Who By Fire

Spechler_WhoByFireDiana Spechler's recently released novel Who By Fire addresses complex issues.  Thirteen years after his sister disappeared, protagonist Ash Kellerman flees to take on the life of an Orthodox
Jew in Israel.  His other sister Bits and his mother Ellie both try to bring him back, each in their own way. Alternating between these three characters, we see the traumatized family from diverse angles. Publisher’s Weekly says the book “raises provocative questions about religion, violence and the resilience of families and individuals,” and the Jerusalem Post calls it “a book that we could all learn from.”

Here’s the start of Chapter One:

April 12, 2002

I’m sitting in Friday evening rush-hour traffic, staring out the window at the Charles River, and listening to the news. A bomb detonated in Jerusalem. A man speaks in panicked Hebrew. Another man talks over him in English: “How are we supposed to live like this?” they say in overlapping languages.

It’s been eleven months since Ash clapped a yarmulke on his head, dropped out of college, went missing, and then one week later turned out not to be missing. Where he turned out to be was Israel, at a yeshiva, ready to spend the rest of his life studying Judaism. (Judaism! In Israel! A real pioneer, my brother.)

I call Ash from my cell phone and get his voicemail. Ash’s voicemail annoys me. It’s in Hebrew, for one thing, which is absurd considering he almost didn’t get to have a bar mitzvah because he wouldn’t learn his Torah portion. I don’t know Hebrew, but I can tell by the way he speaks it that it’s not right. It sounds distinctly American. In his message, he calls himself Asher. That’s what he goes by now.

Maybe he’s traveling. His last letter said something about traveling during Passover vacation. Is it still Passover vacation? I’m trying to remember that letter, but I can only remember the package that he sent with it: dried prunes, dried apricots, bright orange sticks of dried papaya.

On his voicemail, I say, “Isn’t this getting a little ridiculous? Isn’t it about time to come home?” I don’t hang up right away. I listen to the silence in the phone, half-expecting an answer and hating the feeling. You can waste your whole life half-expecting the impossible.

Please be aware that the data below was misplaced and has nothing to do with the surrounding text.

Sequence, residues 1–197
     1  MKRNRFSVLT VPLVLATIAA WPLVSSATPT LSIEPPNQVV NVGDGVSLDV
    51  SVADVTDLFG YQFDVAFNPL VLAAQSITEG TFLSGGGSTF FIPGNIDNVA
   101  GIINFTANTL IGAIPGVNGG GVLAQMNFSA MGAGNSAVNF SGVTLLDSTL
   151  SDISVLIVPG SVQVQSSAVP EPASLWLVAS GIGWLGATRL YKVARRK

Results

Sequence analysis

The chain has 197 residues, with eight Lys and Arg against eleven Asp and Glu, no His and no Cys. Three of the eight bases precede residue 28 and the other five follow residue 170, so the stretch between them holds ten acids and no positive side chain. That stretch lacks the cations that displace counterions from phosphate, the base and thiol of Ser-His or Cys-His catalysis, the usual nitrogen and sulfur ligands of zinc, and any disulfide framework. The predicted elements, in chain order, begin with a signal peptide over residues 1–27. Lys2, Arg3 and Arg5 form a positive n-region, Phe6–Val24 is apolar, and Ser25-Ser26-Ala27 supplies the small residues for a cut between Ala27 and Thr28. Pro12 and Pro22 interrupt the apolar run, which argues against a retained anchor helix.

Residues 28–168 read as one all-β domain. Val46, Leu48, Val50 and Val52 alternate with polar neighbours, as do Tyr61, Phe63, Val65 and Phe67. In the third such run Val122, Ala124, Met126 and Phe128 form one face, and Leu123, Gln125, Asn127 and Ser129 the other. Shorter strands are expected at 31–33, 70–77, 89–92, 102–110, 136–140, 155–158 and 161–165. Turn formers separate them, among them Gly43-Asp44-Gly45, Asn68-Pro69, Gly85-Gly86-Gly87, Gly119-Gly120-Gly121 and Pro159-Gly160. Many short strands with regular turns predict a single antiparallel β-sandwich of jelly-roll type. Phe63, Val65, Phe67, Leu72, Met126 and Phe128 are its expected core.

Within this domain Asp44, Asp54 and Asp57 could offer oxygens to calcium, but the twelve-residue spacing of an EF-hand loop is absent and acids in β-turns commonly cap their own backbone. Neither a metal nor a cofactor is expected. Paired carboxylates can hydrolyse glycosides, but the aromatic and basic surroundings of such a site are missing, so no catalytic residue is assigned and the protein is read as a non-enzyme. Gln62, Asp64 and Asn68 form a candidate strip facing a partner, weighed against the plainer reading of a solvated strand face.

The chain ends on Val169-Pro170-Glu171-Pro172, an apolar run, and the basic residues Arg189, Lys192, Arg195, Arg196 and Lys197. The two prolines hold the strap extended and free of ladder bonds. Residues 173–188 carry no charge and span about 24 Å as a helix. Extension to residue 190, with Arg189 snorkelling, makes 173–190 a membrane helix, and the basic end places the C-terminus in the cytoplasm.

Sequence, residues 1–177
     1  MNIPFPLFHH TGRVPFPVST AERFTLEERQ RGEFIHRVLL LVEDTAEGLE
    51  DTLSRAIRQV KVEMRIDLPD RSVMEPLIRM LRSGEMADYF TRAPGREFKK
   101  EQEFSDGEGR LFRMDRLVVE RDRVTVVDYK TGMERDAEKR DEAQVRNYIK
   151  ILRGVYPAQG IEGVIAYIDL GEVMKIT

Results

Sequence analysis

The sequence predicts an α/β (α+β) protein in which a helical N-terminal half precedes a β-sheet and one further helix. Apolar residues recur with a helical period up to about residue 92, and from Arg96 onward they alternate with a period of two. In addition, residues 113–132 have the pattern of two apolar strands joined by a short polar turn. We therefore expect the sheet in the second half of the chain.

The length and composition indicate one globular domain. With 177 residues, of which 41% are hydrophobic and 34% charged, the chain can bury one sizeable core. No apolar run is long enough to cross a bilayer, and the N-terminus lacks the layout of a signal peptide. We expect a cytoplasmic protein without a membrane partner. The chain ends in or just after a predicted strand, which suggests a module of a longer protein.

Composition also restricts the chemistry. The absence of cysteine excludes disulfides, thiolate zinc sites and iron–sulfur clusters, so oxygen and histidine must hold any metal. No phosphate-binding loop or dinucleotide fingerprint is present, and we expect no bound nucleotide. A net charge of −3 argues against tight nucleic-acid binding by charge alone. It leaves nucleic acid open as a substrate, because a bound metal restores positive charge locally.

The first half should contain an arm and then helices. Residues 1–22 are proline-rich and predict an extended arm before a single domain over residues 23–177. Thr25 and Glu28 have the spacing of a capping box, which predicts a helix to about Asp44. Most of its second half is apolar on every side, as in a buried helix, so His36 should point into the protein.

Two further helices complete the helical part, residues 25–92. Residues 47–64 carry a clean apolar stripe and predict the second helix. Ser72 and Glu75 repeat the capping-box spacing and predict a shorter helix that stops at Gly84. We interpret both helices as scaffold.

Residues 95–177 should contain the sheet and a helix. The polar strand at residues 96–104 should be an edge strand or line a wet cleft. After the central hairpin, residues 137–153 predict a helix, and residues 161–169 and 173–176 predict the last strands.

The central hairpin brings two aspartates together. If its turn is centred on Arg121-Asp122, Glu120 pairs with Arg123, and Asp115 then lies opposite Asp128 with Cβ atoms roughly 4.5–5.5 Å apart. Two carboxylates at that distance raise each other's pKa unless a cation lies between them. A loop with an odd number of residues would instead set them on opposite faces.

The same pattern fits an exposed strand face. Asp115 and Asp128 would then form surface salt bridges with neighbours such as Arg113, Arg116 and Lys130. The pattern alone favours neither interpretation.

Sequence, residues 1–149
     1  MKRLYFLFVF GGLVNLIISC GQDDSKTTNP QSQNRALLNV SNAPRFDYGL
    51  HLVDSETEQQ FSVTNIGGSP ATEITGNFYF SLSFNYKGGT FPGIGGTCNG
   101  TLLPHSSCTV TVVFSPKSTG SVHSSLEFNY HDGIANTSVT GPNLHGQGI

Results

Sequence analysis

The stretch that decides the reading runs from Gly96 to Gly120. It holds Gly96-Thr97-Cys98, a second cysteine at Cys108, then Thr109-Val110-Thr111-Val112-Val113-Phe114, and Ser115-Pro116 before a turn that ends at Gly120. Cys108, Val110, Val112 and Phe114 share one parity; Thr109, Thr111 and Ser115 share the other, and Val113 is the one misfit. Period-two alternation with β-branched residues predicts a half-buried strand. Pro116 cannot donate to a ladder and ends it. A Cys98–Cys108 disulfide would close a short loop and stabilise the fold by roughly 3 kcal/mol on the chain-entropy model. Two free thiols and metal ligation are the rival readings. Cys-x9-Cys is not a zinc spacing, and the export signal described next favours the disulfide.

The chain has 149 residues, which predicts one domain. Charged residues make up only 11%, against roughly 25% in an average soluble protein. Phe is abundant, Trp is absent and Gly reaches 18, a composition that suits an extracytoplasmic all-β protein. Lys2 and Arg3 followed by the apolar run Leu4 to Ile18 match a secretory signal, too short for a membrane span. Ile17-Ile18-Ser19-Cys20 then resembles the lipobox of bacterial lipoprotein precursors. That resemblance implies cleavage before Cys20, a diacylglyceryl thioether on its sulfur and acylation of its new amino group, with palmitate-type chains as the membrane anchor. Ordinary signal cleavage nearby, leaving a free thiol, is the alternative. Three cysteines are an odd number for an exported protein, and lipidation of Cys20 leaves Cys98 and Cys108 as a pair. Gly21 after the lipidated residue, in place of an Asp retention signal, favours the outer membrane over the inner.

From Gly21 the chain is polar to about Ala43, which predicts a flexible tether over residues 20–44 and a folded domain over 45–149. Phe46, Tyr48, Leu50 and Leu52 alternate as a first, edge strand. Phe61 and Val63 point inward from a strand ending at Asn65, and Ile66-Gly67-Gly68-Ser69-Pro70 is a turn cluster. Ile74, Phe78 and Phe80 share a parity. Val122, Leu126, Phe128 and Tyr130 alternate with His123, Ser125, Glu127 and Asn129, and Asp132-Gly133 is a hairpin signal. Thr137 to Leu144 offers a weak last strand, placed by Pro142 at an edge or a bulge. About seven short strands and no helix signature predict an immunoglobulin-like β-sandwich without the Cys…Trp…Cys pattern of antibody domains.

*  *  *  *

The phone is ringing when I get to my apartment, and I know it’s Ash. I can feel him sometimes.

But it’s not Ash. It’s my mother, calling from New Jersey because she just heard the news.

“I can’t reach him,” I tell her. “But I’m trying. Don’t worry.”

“Bits,” she says, “don’t do this. Don’t do this to me.”

“I’m sure he’s fine,” I say. “Don’t cry.

“You’re sure? Here I’m about to have an attack, and you’re sure! Call his yeshiva,” she says.

I sit on the kitchen floor and lean back against the stove, propping the soles of my feet on the refrigerator door that I’ve never decorated. My apartment, in general, is kind of austere. I’ve just never known whose pictures to display, what sort of artwork I love enough to live with. Looking out my window at Allston, at the Citgo sign flashing and the traffic I’m not sitting in and the umbrellas in a million different colors on rainy days…it’s enough for me. How much can a person ask from a place? “I’m not calling his yeshiva, Mom.” I tell her that we should keep the lines free, in case Ash calls us. You can still convince my mother that she needs to do things like keep the lines free. “Good Shabbos,” I say, even though that’s not the kind of thing I say.

My mother says, “What’s so good about it?”

Once I hang up, the gnawing feeling hits, like I’ve forgotten to do something or I’m supposed to be somewhere. It’s the feeling I used to get as a child, when my mother would stand at the kitchen sink, her back to me, screaming at the window, “Where is she? Where the hell is she? Just tell me that!” It’s an anxiety that my mother still ignites in me, although it’s not about Alena anymore; these days, it’s about Ash.

A familiar urge starts poking at me like a finger. Don’t call Wade, I tell myself. Don’t start cruising through chat rooms. Chat rooms are for weirdos. Sociopaths. Child pornographers. Do something else. Anything else. I drag the vacuum cleaner into my bedroom and turn it on, but I’m afraid I won’t hear the phone ring, so I turn it off. I should exercise. Exercise is supposed to be calming. But I’m not much of an exerciser. After ten pushups, I can’t go on. I lie on my stomach, listening to my heart beat through the carpet. I get up and pick up the phone.

Reprinted by permission of HarperCollins.  For more information on Diana and her book, visit dianaspechler.com. Find Who By Fire online at bn.com.